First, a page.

ACHIEVE MASTERY WITH EPIC SPORT PSYCHOLOGY
High-performance and mindset coaching for athletes, coaches and other high achievers.
At EPIC Sport Psychology, we deliver high-performance mental training for competitive athletes, coaches and other high achievers that are passionate about excelling in their sport and in life.
We'll help you CREATE - LIVE - ACHIEVE moments of excellence that define your epic journey of achievement. The essential ingredients to mastering anything is... passion and dedication. You bring your vision and we'll help cultivate your passion and dedication. You are on your way to mastery.
ATHLETIC AND SOCIAL DEVELOPMENT ARE KEYS TO BEING ACTIVE FOR LIFE
Landscape Of Youth Sports And The Foundation To Be Active For Life
Parents of youth athletes often ask, what is best for my son or daughter when it comes to playing sports? What should he/she be doing to develop as an athlete and most of all as a person? At the heart of it, most parents want their children to participate in sports to build character, learn life lessons, develop friendships, to be active, and to enjoy the experience.
When Do These Expectations Change?
The moment a child participating in a youth sport is successful and touted as being extremely talented, the seduction of success, positive validation from others (i.e., parents, coaches, and teammates), and winning start to cloud those core expectations for both the parent and child. For parents, the idea of their child climbing the ladder of success by using their child’s talents to open doors for better coaching, invitations to train and play with the best athletes their age, the pressure to commit time and resources to just one sport (single sport specialization), and ultimately, the dream of having their child receive a college scholarship or become a professional athlete become the primary objectives. Surprisingly, these expectations can start as early as age 12 and younger.
CURRENT BLOG POSTS
HOW TO BOUNCE BACK FROM SETBACKS
FINDING SUCCESS AS A REFEREE
TRANSITION FROM ONE SPORT SEASON TO THE NEXT AS A HIGH SCHOOL ATHLETE
FIND THE BEAT IN YOUR PERFORMANCE ROUTINE
MAKING THE HOLIDAY SEASON YOUR RESOLUTION SEASON
UNDERSTANDING YOUR FEARS AND HOW TO OVERCOME THEM
THE ART OF MINDFUL RUNNING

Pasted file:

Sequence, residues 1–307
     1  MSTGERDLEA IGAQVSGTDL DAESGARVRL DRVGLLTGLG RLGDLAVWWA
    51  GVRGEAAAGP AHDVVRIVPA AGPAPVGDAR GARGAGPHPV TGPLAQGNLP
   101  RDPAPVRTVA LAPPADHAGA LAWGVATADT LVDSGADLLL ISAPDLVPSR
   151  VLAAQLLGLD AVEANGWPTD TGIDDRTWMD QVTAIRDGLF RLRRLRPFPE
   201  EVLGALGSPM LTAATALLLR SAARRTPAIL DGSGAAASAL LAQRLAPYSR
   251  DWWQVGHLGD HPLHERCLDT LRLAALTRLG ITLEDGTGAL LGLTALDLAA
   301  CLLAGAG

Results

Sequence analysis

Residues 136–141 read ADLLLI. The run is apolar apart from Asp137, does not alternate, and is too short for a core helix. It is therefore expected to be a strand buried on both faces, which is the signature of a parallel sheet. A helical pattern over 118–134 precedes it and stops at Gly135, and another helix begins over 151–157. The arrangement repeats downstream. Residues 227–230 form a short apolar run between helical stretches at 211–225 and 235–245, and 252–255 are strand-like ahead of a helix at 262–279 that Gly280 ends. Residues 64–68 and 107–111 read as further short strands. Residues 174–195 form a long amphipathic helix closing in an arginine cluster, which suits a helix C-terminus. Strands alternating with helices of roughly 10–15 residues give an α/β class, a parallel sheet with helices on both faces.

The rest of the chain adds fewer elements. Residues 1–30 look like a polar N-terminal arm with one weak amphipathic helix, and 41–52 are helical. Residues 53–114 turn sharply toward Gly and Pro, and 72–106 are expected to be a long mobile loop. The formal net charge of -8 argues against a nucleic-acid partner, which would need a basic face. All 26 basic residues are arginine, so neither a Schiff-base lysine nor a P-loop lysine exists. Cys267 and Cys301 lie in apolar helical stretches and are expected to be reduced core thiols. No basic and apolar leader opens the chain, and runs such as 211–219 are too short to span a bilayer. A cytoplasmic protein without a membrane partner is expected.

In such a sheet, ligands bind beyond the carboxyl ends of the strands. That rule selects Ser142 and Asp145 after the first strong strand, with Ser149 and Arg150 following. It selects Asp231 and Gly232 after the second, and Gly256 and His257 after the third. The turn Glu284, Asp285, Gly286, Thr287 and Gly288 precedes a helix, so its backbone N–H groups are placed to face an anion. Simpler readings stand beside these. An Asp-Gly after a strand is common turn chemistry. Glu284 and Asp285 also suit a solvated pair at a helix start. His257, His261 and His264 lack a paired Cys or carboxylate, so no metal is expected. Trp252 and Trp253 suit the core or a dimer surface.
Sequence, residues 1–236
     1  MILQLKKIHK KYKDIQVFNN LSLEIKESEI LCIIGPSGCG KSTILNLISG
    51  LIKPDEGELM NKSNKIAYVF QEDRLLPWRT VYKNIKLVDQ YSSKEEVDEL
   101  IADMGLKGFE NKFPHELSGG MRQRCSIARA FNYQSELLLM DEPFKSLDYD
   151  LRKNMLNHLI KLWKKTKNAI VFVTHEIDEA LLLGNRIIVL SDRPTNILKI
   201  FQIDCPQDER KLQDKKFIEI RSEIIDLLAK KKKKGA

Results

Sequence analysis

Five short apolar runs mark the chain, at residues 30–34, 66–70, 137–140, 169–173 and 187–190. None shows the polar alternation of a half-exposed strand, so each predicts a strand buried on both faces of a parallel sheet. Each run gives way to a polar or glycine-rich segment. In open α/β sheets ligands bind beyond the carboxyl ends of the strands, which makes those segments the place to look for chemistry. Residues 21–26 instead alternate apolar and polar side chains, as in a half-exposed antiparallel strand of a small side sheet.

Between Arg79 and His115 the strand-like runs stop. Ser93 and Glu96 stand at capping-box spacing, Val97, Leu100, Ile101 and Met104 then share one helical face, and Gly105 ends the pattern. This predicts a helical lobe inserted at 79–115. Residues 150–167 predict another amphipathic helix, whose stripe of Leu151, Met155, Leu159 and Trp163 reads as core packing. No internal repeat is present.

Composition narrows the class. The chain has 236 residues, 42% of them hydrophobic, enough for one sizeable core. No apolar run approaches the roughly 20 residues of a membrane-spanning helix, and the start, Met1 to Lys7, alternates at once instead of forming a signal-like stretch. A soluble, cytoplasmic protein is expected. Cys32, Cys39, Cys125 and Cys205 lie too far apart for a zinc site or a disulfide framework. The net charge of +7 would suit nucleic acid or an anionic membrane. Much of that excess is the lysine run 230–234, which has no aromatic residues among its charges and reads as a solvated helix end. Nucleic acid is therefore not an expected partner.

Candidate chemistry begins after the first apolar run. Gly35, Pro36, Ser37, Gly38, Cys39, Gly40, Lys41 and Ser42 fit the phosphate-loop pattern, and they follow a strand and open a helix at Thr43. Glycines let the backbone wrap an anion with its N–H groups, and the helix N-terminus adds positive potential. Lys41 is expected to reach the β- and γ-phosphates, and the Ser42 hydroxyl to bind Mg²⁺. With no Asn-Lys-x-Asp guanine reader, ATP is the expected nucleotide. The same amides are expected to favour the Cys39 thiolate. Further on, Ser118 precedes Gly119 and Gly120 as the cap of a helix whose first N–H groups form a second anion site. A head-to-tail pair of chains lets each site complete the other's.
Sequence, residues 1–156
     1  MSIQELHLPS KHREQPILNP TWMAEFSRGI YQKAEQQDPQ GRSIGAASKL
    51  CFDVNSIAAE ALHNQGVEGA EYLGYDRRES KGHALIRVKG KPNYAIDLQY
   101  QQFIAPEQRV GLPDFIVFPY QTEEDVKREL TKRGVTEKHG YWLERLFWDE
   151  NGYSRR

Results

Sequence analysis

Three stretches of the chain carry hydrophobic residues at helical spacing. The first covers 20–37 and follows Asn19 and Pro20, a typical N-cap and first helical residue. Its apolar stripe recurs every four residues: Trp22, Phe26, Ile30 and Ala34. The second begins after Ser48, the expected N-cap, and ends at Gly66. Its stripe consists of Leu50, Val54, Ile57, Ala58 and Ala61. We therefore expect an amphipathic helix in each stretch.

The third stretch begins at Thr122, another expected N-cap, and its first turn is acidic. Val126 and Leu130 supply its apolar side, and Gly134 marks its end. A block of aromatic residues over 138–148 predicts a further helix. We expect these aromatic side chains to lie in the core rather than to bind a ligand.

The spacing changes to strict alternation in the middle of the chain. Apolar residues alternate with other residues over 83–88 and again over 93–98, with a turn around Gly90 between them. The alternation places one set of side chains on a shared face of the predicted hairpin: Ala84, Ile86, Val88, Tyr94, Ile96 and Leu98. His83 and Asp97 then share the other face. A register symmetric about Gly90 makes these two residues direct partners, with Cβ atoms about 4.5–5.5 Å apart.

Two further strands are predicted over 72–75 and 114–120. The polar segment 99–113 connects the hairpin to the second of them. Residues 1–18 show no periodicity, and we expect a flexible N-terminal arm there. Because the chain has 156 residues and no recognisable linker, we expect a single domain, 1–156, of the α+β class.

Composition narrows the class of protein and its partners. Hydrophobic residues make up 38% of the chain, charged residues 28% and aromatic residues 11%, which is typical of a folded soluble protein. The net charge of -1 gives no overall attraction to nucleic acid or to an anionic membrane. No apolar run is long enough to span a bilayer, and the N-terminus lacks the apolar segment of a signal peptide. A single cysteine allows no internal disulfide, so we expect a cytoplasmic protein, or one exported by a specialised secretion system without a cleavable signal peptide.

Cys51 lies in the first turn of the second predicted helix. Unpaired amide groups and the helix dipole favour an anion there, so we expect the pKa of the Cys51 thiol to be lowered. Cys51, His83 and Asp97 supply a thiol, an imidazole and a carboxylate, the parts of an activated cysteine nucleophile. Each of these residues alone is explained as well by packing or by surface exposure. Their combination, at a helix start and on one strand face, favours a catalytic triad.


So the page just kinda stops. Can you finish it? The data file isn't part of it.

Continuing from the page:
EDUCATING AND PREVENTING CONCUSSIONS, A SHARED RESPONSIBILITY
NEWS & TIPS
HIGH PERFORMERS AND WHAT HAPPENS WHEN THINGS GO WRONG
Athletes who excel in youth and high school sport(s) (ages 8-18) tend to also excel in other areas of life as well. For example, a standout high school athlete is likely to be successful academically. Characteristics that describe these student-athletes are determined; motivated; hardworking; they make it look easy; with sports, they make it look graceful and smooth; and most of all, they seem to enjoy what they are doing.
SPINW EMPLOYS THE SPORTS MINDSET GAME PLAN IN PROGRAM WITH WINDELLS ACADEMY
Sport Psychology Institute NW trainer Jimmy Yoo is also working with both students and coaches on its Competitive Skills Training for Athletes Program (CST). CST is a conditioning of the mind to become mentally tuned and is designed to enhance overall performance. Training includes working on confidence building by teaching visualization techniques, focus and self-talk, breathing techniques, goal setting and time management.
GUEST SPEAKERS AT THE PORTLAND GOLF SHOW - 2018
Brian Baxter, Jimmy Yoo & Glen Coblens — Sport Psychology NW
Most golfers spend countless hours practicing the physical parts of their game. But, how much of golf is mental? And, how much time does the everyday golfer put into their mental training? SPINw consultants Brian Baxter, Jimmy Yoo, and Glen Coblens have over 50 years of combined experience in working with athletes to improve their performance through sport psychology techniques such as goal-setting, visualization, positive self-talk and more. We believe that consistent mental-game training is essential to playing your best game, and have proven strategies to help get you there.
WINDELLS ACADEMY ENLISTS SPORTS PSYCHOLOGY INSTITUTE NORTHWEST FOR STUDENT ATHLETES
Sports Psychology Institute NW trainer Jimmy Yoo is working with both students and coaches on its Competitive Skills Training for Athletes Program (CST). CST is a conditioning of the mind to become mentally tuned and is designed to enhance overall performance. Training includes working on confidence building by teaching visualization techniques, focus and self-talk, breathing techniques, goal setting and time management. According to Yoo “All athletes – competitive and recreational – can benefit from mental skills training to achieve consistent peak performance. These skills enable many to establish balance in their lives and to ultimately enjoy what they are doing to a greater degree.”